Davis' office provided a formula breakdown for public assistance, as specified in the legislation, as well as a description of the factors currently used by FEMA:
— estimated cost of the assistance (10 percent). Currently, this is the key component to FEMA's declaration process, calculated at $1.35 times the state population. This legislation will make it less of a factor by weighing it significantly lower than localized impacts.
— localized impacts (40 percent). The legislation would put greater weight on the damage assessment on a specific area, as opposed to statewide.
— insurance coverage in force (10 percent). Currently, FEMA deducts the amount of insurance that should be held by a government and non-profits from the total eligible amount.
— hazard mitigation (10 percent). If the cost of damage falls short of the cost of assistance threshold due to mitigation measures that lessened the disaster's impact, FEMA will take this into consideration by doing a cost-benefit analysis.
— recent multiple disasters (10 percent). FEMA would take any disasters occurring within the previous 12 months into consideration and evaluate the funds that the state has committed and their impact on the state and its residents.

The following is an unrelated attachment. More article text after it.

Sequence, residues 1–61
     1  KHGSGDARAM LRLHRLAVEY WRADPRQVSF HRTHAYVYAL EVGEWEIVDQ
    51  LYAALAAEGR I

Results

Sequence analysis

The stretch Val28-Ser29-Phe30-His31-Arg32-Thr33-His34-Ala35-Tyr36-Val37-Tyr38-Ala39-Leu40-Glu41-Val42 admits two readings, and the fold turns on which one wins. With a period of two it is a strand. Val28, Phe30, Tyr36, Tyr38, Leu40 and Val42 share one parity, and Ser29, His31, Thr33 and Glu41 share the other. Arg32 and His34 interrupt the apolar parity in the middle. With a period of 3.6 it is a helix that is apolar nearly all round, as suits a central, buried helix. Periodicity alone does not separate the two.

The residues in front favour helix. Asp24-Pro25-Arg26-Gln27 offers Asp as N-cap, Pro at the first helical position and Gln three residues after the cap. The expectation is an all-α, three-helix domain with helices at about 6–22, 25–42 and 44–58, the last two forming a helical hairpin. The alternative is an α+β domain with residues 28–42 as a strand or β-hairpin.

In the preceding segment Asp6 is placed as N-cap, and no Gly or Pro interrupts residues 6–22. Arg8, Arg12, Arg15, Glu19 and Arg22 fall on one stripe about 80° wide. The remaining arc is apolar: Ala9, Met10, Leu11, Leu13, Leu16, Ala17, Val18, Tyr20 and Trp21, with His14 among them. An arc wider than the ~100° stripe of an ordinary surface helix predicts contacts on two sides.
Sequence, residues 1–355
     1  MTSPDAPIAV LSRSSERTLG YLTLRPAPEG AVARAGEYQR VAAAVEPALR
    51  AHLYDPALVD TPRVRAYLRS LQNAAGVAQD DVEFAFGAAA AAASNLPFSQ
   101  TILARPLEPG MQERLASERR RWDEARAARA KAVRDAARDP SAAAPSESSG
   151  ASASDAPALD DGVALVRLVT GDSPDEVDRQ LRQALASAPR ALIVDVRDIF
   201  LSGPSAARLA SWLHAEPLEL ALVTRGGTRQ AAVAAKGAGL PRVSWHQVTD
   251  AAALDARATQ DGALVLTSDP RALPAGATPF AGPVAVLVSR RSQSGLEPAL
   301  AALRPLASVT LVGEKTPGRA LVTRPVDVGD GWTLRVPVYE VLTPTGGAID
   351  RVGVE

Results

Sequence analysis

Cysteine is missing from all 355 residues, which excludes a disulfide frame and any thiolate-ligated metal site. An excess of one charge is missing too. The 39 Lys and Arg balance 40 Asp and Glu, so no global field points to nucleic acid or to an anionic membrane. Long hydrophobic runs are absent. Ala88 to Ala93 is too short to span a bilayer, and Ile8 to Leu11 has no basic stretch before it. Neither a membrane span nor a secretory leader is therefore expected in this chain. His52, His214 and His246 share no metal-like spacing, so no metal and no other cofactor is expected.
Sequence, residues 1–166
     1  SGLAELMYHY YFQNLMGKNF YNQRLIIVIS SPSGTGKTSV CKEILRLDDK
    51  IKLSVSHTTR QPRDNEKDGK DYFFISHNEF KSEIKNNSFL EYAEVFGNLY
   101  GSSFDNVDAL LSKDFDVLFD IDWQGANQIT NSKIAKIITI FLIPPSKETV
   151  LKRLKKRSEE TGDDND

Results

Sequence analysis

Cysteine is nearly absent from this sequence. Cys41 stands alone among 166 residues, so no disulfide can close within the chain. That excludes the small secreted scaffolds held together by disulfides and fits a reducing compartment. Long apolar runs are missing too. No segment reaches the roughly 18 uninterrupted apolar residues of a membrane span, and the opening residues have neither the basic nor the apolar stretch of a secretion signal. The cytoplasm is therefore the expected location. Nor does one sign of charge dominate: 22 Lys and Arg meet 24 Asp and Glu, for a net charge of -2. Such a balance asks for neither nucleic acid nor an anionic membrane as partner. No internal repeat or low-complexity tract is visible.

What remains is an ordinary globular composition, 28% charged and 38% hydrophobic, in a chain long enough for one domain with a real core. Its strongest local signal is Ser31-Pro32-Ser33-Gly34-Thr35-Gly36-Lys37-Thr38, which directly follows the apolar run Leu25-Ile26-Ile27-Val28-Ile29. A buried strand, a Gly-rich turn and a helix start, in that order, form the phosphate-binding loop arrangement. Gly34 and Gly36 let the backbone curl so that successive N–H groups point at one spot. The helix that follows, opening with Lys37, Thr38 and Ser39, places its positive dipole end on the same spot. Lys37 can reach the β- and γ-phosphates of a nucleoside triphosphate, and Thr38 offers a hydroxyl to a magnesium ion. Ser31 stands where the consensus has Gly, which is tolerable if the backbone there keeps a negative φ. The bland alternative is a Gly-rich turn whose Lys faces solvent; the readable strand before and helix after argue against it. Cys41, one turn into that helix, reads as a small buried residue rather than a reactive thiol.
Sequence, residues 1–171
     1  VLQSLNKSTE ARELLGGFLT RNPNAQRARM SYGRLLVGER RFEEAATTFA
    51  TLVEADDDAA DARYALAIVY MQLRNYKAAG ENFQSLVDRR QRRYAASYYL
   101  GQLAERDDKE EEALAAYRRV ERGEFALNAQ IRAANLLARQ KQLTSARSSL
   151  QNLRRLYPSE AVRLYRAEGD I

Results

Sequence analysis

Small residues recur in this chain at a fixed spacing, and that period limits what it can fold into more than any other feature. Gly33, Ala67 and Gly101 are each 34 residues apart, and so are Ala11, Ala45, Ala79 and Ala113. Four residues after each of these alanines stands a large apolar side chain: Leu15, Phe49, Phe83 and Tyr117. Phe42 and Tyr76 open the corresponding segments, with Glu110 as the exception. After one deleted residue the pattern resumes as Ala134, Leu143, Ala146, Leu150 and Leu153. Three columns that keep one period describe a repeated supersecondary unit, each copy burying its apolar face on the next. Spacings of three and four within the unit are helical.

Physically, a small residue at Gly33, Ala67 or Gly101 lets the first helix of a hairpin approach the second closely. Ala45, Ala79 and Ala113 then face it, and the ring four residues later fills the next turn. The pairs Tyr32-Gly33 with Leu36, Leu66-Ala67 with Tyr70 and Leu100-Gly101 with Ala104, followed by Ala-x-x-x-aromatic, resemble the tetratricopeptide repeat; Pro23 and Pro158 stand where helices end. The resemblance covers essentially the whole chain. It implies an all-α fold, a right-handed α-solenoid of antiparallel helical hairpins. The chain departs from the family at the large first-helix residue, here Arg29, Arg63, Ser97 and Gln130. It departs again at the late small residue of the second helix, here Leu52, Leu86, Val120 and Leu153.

— programs of other federal assistance (10 percent). FEMA would take into consideration whether or not other agencies will be contributing.
— other economic circumstances (10 percent). Currently these are factors not considered by FEMA. This legislation would require FEMA to consider the local assessable tax base and local sales tax, the median income in comparison to the state, the poverty rate in comparison to the state, and the unemployment rate of the state in comparison to the national rate.
The formula breakdown for individual assistance also would be changed, Davis said, although FEMA is providing individual assistance to the Illinois tornado victims.
"Once we look at a process, if we find a fairer formula for individual assistance too, we're going to ask that it be changed also. It may not have impacted anyone in this particular disaster so that assistance was available. But that doesn't mean that the formula might not impact another town in the future," he said. "We want to head that off."
The new individual assistance formula would be based on:
— concentration of damages — 20 percent;
— trauma — 20 percent;
— special populations — 20 percent;
— voluntary agency assistance — 10 percent;
— insurance — 20 percent;
— average amount of individual assistance by state — 5 percent;
— economic declarations — 5 percent.
The House bill mirrors legislation introduced by Kirk and Durbin in 2012 but would be retroactive to include storms that occurred in 2013.